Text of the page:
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Through regular mentorship and life-skills training, as well as providing linkages to community associations, the Graduation approach’s prioritisation of socially empowering participants improves their overall well-being, enables self sufficiency, and strengthens social inclusion within their community long term.
On a warm day in the Bangladeshi district of Rangpur, Shahina and the group of women she sits among take turns sharing their stories – the glowing, late afternoon sun paints golden streaks of light on the brick walls behind them.
Since completing BRAC’s Ultra-Poor Graduation Programme in 2006, all of these women sitting together have been out of extreme poverty for more than 16 years. While pride beams from their eyes in recognition of how far they and their families have come, there is also a subtle sadness as the group recounts their past struggles, 16 years not being enough to erase the trauma of extreme poverty.
Shahina continued, “In those times [before enrolling in the programme] not having enough food or having rain come in through your roof was of course very difficult. Of course”.
There is a long pause as her eyes move down to the polyester mat covering the packed dirt floor in which she is seated.
“But when I think back on those hard years, I think about not having anyone to talk to. Not being invited to any weddings…to anything. I was so alone. I think that was the hardest thing”.
The women around her nod in agreement.
“I began my work with BRAC, and at the first meeting [with my coach] I was asked, ‘how are you?’ It was the first time anyone has ever asked me that”.
A smile formed in Shahina’s eyes, lifting them up from the ground and meeting the eyes of those sitting around her.
“It changed everything”.
There are millions of women around the world living in extreme poverty, many of whom are isolated from their community, and are experiencing negative psychological effects as a result – an injustice that is much more profound than financial deprivation alone.
As the community of development practitioners implement solutions in response to the devastating impacts of the pandemic which continue to reverberate around the globe and exacerbate an emergency of extreme poverty, social empowerment of the world’s most vulnerable people must be prioritised to the same extent as their financial empowerment.
“In the old days, one used to think that one takes resources to [people living in poverty] and distributes them, and they come out of poverty…I got to know poverty first-hand in the villages of Bangladesh. I became more aware of the multidimensional aspect of poverty. It’s not just lack of income… It’s all kinds of deprivation that constitutes poverty.” – Sir Fazle Hasan Abed, founder, BRAC.
After 20 years of evaluating, innovating and adapting the Graduation approach to address the multidimensional and complex nature of extreme poverty, BRAC has identified four key elements essential to the impact and success. One such element is social empowerment.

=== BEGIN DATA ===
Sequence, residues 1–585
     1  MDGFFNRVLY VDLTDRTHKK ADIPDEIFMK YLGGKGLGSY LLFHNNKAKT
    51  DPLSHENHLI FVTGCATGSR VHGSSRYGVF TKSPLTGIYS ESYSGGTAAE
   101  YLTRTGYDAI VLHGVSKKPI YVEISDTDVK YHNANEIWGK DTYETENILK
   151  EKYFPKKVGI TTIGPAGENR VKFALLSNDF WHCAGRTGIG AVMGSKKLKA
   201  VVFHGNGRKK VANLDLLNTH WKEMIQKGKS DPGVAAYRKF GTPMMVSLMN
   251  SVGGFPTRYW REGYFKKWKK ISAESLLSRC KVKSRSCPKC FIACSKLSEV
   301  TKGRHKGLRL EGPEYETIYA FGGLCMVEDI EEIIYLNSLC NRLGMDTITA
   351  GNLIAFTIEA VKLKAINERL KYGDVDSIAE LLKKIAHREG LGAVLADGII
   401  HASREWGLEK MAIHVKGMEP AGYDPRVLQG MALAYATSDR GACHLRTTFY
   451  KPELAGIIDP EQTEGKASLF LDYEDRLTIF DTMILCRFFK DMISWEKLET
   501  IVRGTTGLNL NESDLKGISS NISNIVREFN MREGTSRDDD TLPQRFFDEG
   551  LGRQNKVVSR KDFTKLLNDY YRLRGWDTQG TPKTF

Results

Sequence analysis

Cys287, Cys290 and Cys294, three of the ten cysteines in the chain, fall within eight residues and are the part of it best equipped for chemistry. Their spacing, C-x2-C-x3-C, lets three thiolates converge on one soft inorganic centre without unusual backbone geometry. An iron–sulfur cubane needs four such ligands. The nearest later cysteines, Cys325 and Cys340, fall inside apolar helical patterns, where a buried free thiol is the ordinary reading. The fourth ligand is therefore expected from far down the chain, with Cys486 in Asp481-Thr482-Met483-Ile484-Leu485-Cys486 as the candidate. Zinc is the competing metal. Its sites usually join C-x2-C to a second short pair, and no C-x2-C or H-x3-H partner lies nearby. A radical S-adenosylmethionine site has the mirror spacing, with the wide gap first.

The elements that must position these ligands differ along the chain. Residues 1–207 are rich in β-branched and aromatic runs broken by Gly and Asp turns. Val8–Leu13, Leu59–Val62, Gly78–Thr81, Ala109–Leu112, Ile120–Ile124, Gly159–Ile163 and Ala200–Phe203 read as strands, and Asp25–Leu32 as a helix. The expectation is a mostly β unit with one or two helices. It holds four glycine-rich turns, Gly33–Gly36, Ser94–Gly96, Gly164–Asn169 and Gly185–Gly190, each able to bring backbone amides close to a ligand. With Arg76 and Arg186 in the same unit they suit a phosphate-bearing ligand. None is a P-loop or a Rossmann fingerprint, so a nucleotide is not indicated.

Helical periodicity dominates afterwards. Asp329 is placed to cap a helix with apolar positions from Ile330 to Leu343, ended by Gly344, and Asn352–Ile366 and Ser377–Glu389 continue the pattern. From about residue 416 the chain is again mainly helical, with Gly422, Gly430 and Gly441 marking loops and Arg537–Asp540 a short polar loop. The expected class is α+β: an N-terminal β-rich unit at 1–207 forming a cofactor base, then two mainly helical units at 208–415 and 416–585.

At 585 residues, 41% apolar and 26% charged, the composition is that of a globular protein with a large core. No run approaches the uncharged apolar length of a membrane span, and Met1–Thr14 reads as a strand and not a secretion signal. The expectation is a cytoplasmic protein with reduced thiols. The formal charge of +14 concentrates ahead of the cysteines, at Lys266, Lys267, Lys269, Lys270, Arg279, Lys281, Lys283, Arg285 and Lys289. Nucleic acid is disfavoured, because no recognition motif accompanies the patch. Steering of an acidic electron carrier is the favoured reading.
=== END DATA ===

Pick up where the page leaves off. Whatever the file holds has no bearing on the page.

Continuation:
Through regular mentorship and life-skills training as well as providing linkages to community associations, the Graduation approach’s prioritisation of socially empowering participants improves their overall well-being, enables self sufficiency, and strengthens social inclusion within their community over the long-term.
When Shahina and her fellow graduates from the 2006 cohort were asked, “What was the most important aspect of the programme nearly 20 years ago?” many of them responded, “The knowledge we received from our coach,” who they still remember to this day.
They cited a greater understanding of their health and that of their livestock. They also proudly talked about how they’ve grown their assets, increased their land ownership, and are engaging more actively in the community – all of which demonstrated their improved self-esteem and greater sense of belonging.
Through the life skills training provided by their coaches, the women are better informed about issues such as proper nutrition and childhood education, which has been shown to significantly drive down childhood malnutrition and increase children’s school attendance among participating households. Investment in children’s education is a critical predictor of a household’s ability to sustain and improve its well-being in the face of shocks.
An older woman, Rehana, said: “I’m invited to my neighbour’s house now – to weddings here in the community. People used to treat me like I didn’t matter. I used to believe I didn’t matter. Now, I am a part of this community. Now, I believe I matter.”
These improvements in individuals’ well-being have lasting impacts on their resilience to shocks as well. With improved mental health and life skills, participants are better able to protect against future shocks from climate disasters, economic downturns, and diseases like COVID-19.
Through coaching, our participants have noted an increase in confidence that has empowered them to increase ownership of their assets, take on leadership roles within the community, and combat traditional gender norms that further inhibit women in extreme poverty.
Jake Konig is a Communications Associate for BRAC’s Ultra-Poor Graduation Initiative (UPGI).
The Ultra-Poor Graduation (UPG) programme is a flagship programme at BRAC, pioneered in 2002 and acclaimed for its innovative and holistic solution to extreme poverty. BRAC’s Graduation approach is a comprehensive, time-bound, integrated and sequenced set of interventions that aims to enable households living in ultra-poverty to achieve key milestones towards sustainable livelihoods and socioeconomic resilience, in order to progress along a pathway out of extreme poverty. Since it began in 2002, the programme has worked with over 2.1 million households living in extreme poverty in Bangladesh as of December, 2020.